UK splashes out £270m on quantum technology
Jan 30, 2014 3 comments
Further details have emerged of a new £270m initiative being funded by the UK government to convert quantum-physics research into commercial products. The five-year initiative, which will include the creation of a network of quantum-technology centres, was one of a number of measures revealed by the government in its Autumn Statement in early December 2013 to boost the UK's science base. The Chancellor of the Exchequer George Osborne says that the money was "additional investment" in research and that science was a "personal priority" of his.
The initiative, which will begin in 2015, will focus on areas such as chip-scale atomic clocks for improved GPS communication, quantum-enabled sensors, quantum communication and quantum computing. Some cash will go to existing university research groups, while about £30m per year will go to the Technology Strategy Board – the UK's national innovation agency – to support immediate commercialization of technology. There will also be money for PhD students and postdocs, while some £4m will go on equipment for the new Advanced Metrology Laboratory being built at the National Physical Laboratory.
The quantum-physics initiative, which has involved careful behind-the-scenes negotiations between the UK physics community, government and industry, was formally put to Osborne last year by a group of physicists led by Peter Knight of Imperial College London. Knight, who is the immediate past president of the Institute of Physics, which publishes Physics World, says that the prospect of an extra £270m for quantum technology is "highly exciting". However, he adds that he will be "keeping a close eye" to ensure the cash is not simply siphoned off from budgets earmarked for other scientific fields.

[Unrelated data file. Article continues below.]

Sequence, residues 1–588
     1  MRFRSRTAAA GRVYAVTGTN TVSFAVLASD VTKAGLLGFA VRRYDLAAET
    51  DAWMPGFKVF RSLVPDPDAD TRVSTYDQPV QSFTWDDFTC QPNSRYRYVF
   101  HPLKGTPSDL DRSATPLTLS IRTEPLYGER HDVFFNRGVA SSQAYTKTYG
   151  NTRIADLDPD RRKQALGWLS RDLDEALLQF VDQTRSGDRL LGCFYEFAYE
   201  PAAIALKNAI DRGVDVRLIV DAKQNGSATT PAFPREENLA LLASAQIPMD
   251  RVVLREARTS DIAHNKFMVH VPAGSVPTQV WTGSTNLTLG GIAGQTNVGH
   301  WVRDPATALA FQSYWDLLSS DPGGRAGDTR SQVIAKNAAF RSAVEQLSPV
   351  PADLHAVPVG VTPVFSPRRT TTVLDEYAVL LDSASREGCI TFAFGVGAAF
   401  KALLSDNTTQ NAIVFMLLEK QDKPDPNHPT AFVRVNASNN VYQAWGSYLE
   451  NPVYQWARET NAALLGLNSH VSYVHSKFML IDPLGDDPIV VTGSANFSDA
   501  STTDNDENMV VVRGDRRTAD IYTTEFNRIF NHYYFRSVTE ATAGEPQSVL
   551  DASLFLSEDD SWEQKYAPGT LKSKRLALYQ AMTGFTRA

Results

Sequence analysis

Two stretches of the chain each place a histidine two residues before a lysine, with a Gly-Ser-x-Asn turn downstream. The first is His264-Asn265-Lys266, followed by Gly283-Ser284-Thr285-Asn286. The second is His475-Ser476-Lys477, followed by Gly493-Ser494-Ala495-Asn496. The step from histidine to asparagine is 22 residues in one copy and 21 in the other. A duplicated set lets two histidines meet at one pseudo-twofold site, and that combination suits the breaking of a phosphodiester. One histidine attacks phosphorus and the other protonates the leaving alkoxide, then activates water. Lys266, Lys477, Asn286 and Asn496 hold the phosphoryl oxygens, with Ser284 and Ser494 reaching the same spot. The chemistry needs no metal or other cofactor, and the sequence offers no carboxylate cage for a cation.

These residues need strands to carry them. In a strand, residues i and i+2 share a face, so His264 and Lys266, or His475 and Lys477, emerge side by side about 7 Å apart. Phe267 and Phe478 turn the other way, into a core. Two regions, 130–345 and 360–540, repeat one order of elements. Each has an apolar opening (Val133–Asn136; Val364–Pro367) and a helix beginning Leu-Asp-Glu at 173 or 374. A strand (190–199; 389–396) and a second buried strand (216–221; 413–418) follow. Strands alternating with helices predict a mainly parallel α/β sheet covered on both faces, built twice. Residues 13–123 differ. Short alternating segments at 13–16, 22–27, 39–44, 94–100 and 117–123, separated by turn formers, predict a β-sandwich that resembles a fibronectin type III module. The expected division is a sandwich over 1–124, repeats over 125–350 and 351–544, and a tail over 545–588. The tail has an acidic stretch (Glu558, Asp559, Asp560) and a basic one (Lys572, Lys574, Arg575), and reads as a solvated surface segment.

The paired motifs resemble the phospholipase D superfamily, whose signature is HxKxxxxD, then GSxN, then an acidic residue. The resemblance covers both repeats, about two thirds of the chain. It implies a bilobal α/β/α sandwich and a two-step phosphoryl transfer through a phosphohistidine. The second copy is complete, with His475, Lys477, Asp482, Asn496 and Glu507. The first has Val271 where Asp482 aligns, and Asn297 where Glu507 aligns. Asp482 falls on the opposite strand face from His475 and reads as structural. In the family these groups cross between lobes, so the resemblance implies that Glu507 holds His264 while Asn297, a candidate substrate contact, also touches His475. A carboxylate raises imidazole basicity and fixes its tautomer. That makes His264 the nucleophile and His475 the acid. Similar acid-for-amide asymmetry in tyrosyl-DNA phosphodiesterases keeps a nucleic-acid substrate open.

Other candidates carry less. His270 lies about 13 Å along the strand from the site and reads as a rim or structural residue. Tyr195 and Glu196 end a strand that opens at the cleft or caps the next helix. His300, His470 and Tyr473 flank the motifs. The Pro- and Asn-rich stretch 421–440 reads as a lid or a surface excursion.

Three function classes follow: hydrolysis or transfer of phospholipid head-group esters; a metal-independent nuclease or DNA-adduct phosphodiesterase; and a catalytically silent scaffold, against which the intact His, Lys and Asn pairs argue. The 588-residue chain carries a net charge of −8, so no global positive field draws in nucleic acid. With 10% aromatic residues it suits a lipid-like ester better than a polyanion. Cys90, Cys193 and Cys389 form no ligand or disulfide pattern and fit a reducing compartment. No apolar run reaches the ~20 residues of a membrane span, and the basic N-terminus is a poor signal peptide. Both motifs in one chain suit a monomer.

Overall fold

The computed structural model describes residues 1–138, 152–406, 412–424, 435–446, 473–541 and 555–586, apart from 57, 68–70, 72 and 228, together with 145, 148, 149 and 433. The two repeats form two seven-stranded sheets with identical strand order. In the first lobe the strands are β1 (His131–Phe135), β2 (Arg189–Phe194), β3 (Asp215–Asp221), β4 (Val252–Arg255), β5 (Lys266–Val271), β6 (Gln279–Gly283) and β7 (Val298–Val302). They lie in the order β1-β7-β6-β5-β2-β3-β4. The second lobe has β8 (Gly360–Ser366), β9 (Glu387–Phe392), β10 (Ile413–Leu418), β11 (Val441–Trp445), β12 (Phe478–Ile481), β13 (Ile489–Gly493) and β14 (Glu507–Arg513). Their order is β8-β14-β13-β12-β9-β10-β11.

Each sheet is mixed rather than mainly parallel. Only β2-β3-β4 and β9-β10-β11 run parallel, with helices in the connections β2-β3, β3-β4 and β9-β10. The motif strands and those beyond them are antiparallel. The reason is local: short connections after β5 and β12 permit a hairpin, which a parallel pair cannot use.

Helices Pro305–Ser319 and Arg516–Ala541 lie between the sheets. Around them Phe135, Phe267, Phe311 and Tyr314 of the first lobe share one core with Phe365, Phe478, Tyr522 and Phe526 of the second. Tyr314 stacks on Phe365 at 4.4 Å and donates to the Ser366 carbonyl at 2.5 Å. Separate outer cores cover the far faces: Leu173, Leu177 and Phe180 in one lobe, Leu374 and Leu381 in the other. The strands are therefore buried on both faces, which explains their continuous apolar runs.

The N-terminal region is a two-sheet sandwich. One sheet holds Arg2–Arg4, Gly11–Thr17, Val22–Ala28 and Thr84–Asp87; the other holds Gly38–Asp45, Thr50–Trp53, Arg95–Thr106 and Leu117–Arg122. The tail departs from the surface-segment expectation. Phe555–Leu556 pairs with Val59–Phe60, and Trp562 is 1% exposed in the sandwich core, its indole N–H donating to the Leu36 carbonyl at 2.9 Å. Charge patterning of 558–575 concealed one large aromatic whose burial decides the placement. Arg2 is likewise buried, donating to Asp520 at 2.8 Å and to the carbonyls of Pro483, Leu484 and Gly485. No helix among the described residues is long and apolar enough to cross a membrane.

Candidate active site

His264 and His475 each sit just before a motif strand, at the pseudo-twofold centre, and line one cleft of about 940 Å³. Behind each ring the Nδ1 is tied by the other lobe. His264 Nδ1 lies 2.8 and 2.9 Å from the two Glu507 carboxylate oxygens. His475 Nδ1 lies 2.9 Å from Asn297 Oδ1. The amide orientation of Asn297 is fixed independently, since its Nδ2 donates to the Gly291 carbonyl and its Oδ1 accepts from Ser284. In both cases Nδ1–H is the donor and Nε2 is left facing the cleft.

The detailed mechanism for distributing the funding among UK researchers is still being discussed, although it is likely to involve the UK’s research councils, the Royal Society and the Royal Academy of Engineering. However, Jeremy O'Brien of the University of Bristol, who also helped to get the initiative off the ground, says the country must properly co-ordinate the new investment. "Fragmentation into small chunks will be the enemy of progress and ultimately could hinder the creation of wealth," he says.
But participants are optimistic about what the initiative can achieve. "There is real potential for long-term transformational change in some information-related technologies, deriving from a complete re-conception of design principles underpinning their operation," says Ian Walmsley of the University of Oxford.
- You can read much more about how quantum technologies could change the world in this special issue of Physics World from March 2013
About the author
Matin Durrani is editor of Physics World